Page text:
How Decluttering Can Improve Mental Health

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While a majority of Americans may not have a diagnosable hoarding disorder, most of us have more stuff than we know what to do with. Consider these jaw-dropping statistics from the authors of Becoming Minimalist:

  • “There are 300,000 items in the average American home (LA Times).”
  • “The average American family spends $1,700 on clothes annually (Forbes).”
  • “While the average American throws away 65 pounds of clothing per year (Huffington Post).”

One major drawback of all this clutter is its drain on our mental health. Retail therapy may have its feel-good benefits, however short-lived; but over time, rooms, closets and garages teeming with stuff can negatively affect a person’s wellbeing. That’s why decluttering can be a therapeutic exercise for almost anyone, whether or not they have a psychiatric disorder. (Learn how people with anxiety, depression and other psychiatric disorders are learning to manage their condition and achieve better quality of life at FHE Health.) Here are five mental health reasons to unload that extra stuff that’s just taking up space (and there may be more):

Reduce stress and improve mood

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A 2009 study in the Personality & Social Psychology Bulletin explored the connection between clutter and “a sense of the home as unfinished” and mood and stress levels in married women. The researchers compared these results with those for married women who used “nature words” or the term “restful” to describe their home. What they found was that the women whose environment was more cluttered and unfinished had higher stress levels and experienced an increase in depressed mood over the course of the day. As for the women who viewed their home as a place of rest and restoration? They weren’t as depressed or stressed out.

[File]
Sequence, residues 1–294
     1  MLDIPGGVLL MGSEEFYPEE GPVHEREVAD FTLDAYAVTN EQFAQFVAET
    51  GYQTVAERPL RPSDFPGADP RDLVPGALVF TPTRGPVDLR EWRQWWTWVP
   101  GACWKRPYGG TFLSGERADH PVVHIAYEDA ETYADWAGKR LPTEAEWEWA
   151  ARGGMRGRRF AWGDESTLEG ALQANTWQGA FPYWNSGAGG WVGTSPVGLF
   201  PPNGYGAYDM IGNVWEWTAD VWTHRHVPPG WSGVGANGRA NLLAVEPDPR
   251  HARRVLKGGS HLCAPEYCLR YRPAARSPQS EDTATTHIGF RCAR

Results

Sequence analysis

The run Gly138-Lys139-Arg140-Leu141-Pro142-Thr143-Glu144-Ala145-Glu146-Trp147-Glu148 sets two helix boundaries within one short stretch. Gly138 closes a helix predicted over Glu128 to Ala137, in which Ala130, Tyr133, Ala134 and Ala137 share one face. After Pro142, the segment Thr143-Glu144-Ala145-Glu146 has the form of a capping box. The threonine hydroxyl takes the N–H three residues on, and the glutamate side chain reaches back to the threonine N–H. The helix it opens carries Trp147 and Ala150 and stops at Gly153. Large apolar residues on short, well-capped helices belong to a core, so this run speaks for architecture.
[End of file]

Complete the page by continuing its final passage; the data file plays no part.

The takeaway

Don’t underestimate the power of your external surroundings to impact how you feel. Sometimes taking the time to clear the mess in a room or workspace can help lift one’s spirits or make the stress of a deadline feel more manageable.

Increase focus and productivity

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Cutting the clutter also frees up one’s visual field, making it easier to concentrate and work efficiently. (By contrast, when there are many objects in one’s periphery, it can be harder to focus on finishing the task at hand, because those visual cues are competing for one’s attention.) When scientists at the Princeton Neuroscience Institute studied how clutter impacts brain function, they found it disrupted the visual cortex’ capacity to process information, thereby compromising focus and attention. One extension of this finding is that less clutter (and less distractions) can reduce the amount of time that it takes to complete a task or work assignment. That can free up more time for those activities that you enjoy and in turn enhance your total wellbeing.

Reduce fatigue and increase energy levels